My friendly contacts were on the rise and I reached out to those involved in samizdat, the outlawed underground press. At one of these parties, I saw a reprinted “The Gulag Archipelago” by Aleksandr Solzhenitsyn and asked to borrow it. The owner of the book agreed, on one strict condition – not to tell anyone about this, even my relatives, and to return the book in three days. I accepted the conditions and the book greatly affected my worldview. I was certain that I had to write my own book about the deceit and deceptiveness of the totalitarian Soviet regime, but I believed it was not yet the time to talk about this with my friends. At home, I listened more and more to Voice of America, Radio Liberty, and the BBC. 1980 became the year of political confrontation between the Soviet Union and the West: in response to the invasion of Soviet troops in Afghanistan, the West boycotted the Olympic Games in Moscow. This further fueled my critical attitude towards the Soviet regime. Work on my book was progressing and at the same time I was getting to know not only Western tourists, but American diplomats and correspondents such as Craig Whitney from The New York Times. This did not go unnoticed by the KGB and I later discovered that my phone had been subsequently tapped.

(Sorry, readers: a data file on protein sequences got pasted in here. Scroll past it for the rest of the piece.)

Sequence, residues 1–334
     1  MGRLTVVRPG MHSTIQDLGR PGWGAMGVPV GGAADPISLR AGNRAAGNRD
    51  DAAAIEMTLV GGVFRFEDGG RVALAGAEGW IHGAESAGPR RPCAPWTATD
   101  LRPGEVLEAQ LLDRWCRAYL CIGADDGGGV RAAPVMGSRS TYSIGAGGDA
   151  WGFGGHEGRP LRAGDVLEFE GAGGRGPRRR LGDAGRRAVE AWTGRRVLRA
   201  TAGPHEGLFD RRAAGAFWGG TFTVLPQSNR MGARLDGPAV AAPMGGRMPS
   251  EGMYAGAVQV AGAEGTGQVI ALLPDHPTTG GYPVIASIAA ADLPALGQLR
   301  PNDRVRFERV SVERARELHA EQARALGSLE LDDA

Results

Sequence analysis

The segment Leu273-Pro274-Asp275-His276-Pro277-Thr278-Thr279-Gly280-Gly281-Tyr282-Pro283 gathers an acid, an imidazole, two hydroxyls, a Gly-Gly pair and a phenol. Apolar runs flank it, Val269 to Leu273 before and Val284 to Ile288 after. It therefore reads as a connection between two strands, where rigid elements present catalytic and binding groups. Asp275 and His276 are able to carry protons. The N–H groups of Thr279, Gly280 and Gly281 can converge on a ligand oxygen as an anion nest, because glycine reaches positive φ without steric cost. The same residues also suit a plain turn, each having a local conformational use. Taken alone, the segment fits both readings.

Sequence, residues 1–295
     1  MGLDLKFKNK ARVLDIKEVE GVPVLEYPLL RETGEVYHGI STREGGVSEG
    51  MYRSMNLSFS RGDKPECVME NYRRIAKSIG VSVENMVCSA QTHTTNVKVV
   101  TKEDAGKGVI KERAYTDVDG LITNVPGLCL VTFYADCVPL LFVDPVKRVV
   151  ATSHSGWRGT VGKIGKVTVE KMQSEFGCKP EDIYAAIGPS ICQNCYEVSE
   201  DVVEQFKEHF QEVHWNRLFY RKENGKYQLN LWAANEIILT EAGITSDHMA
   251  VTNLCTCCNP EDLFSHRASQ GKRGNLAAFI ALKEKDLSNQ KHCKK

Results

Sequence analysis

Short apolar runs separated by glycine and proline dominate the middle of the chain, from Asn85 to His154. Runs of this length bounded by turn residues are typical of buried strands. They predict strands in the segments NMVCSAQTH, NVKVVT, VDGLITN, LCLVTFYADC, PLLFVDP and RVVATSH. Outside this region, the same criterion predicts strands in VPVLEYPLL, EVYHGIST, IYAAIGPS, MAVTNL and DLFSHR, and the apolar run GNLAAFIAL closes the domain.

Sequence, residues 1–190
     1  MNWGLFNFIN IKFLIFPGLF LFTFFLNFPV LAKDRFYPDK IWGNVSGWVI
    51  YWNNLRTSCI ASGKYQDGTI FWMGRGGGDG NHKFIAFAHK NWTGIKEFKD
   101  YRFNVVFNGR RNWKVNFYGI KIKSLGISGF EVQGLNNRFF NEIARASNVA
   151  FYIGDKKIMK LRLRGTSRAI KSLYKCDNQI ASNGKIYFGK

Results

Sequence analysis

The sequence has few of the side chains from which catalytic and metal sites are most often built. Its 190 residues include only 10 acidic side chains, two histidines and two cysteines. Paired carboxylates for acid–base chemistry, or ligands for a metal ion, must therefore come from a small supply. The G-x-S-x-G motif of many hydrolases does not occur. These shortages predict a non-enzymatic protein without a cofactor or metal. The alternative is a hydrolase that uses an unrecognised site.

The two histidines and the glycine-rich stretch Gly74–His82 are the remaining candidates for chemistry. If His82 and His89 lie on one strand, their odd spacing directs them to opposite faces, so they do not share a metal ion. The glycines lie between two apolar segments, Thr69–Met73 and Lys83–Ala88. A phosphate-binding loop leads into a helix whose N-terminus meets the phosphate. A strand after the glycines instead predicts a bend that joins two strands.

In February 1981, in the Leningrad Hotel restaurant bar, I crossed paths with Irina Akulova, my future wife. When Irina came over for the first time and saw a bundle of US dollar bills on the desk left by American friends, she was shocked.

Ex-wife Irina before marriage, 1981
Ex-wife Irina before marriage, 1981

Irina was the first person I entrusted to read my unfinished manuscript, which further heightened her interest in me. She fell in love with me and I loved her back. Irina was a senior at the Polytechnic University, she was a real cutie, slim and intelligent. Since I had no money problems, we went to restaurants and bars, took taxis and dreamed that we would leave this country someday. In May, I took a short leave to travel to all the capitals of the Caucasus and Central Asia. I bought air tickets in advance and I noticed strange things started to happen, which I foolishly believed to be random. Before flying from Pulkovo to Yerevan, they unexpectedly suggested that I had an individual security check. Besides Russian rubles I had 150 bucks in my pocket and I could actually go to prison for that. When the bumbling airport workers left me alone in a small inspection room for a minute, I quickly crumpled up two 100 dollar bills and one 20 dollar bills and threw them into the trash can. The remaining 30 dollars in my pocket were not a crime. They found the money and I claimed that I’d found them on the street a week ago. The dollars were confiscated, but I was late for the plane and could only fly out the next day.